Japan’s Nuke Reactor Firm Told to Migrate Off XP ASAP

Under fire Japanese utilities giant Tokyo Electric Power Company (Tepco) has been criticized by an independent auditor for delaying a major Windows XP migration program in order to save money.

The firm, which runs the ailing Fukushima nuclear power plant, was hoping to save around ¥3.6 billion ($30 million) by continuing to run 48,000 computers on the unsupported Microsoft operating systems until 2018.

However, Japan’s Board of Audit – usually tasked with holding wasteful government departments to account – warned Tepco it had to move forward those plans and upgrade as soon as possible.

“Upgrading the operating system must be done as swiftly as possible, and the firm must not push it back, given the security risks,” it said, according to AFP.

The delay in upgrading is understandable considering the huge outlay Tepco is facing in its clean-up of the Dai Ichi plant, after its meltdown following the earthquake and tsunami of 2011.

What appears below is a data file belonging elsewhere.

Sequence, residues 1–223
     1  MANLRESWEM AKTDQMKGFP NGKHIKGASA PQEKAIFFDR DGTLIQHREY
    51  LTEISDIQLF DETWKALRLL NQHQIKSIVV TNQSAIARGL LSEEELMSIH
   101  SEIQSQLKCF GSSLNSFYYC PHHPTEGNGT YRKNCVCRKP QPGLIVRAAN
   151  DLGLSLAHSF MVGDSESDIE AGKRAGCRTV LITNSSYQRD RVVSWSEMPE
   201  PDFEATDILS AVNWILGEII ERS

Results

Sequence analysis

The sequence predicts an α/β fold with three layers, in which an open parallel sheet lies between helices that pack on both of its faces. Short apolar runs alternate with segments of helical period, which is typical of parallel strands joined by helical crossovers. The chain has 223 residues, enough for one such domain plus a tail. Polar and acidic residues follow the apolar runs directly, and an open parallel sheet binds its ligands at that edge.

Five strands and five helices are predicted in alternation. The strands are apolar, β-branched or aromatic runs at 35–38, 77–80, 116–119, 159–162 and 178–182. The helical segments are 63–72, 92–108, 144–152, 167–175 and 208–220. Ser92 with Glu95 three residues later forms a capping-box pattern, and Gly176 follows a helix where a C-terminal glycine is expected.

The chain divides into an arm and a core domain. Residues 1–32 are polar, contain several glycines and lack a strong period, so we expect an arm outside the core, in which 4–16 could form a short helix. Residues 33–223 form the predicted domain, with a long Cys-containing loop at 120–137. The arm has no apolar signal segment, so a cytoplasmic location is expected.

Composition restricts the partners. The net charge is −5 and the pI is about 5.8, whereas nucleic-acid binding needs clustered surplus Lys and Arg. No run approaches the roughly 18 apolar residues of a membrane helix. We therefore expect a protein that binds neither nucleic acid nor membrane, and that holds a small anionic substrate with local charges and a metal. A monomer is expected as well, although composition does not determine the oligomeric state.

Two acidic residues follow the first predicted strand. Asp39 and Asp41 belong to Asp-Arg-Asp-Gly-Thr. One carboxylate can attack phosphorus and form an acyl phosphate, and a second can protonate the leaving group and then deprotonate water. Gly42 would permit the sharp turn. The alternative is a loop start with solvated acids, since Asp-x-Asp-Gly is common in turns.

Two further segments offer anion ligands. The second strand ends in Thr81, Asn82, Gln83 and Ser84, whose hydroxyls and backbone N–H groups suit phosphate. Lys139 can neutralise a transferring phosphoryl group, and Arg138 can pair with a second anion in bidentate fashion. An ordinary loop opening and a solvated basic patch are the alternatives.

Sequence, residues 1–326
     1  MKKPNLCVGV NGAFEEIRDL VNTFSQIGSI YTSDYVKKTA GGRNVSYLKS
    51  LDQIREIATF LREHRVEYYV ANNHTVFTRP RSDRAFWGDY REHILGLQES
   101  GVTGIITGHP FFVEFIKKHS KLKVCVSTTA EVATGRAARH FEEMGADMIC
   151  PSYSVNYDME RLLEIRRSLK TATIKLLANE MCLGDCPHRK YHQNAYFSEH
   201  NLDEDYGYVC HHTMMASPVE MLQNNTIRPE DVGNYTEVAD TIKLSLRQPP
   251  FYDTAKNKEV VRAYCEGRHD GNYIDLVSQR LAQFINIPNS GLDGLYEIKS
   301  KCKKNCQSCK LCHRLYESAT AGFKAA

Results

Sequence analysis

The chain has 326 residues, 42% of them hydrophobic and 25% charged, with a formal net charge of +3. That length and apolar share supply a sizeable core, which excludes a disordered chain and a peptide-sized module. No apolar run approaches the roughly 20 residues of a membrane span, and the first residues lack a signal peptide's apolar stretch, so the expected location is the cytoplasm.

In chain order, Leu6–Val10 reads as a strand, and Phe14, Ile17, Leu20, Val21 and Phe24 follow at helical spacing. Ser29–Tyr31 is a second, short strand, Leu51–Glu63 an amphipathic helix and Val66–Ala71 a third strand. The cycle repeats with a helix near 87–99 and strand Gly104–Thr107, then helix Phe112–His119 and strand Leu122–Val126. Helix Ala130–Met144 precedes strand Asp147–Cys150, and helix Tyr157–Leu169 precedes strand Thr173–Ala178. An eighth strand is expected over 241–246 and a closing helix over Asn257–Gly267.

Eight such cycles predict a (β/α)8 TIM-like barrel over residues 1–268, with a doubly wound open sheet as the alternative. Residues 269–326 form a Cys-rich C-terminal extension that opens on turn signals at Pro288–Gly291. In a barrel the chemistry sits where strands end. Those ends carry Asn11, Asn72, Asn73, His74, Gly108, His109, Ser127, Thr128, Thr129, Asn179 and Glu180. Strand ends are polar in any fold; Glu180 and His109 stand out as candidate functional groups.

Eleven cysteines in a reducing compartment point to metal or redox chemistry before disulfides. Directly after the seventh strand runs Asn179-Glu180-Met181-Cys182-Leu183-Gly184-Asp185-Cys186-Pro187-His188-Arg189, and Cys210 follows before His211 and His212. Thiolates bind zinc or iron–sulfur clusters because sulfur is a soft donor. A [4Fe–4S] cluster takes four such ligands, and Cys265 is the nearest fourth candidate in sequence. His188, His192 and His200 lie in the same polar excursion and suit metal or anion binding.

Tepco received a multi-trillion yen government bailout via the Nuclear Damage Liability Facilitation Fund, with some experts claiming the sum could even end up reaching 11 trillion yen ($137 billion).

The utility’s interpretation of events differs somewhat from reports, with a spokesperson telling AFP that it made a decision to move forward the XP upgrade deadline “on its own initiative.”

Windows XP has been unsupported for almost exactly a year.

Experts say that those still running the operating system will be a much more attractive target for cybercriminals now that system patches are no longer available.

To soften the migration blow slightly, Microsoft has said it would extend updates to its anti-malware signatures and engine for Windows XP products until July 2015, including the consumer-focused Security Essentials.

David Flower, EMEA managing director of Bit9 + Carbon Black, argued that migration off XP should be the goal, in order to reduce an organization’s risk exposure and especially the threat from zero day attacks.

“However, there are still compensating controls that those still using XP should have put in place to help keep themselves secure,” he told Infosecurity.

“Having always-on, continuous monitoring and recording of the endpoint environment is an essential capability. This not only allows organisations to detect breaches faster, but the replay will allow them to track the ‘kill chain’ left by successful attackers, to better understand the level of risk exposure and defend against future threats.”

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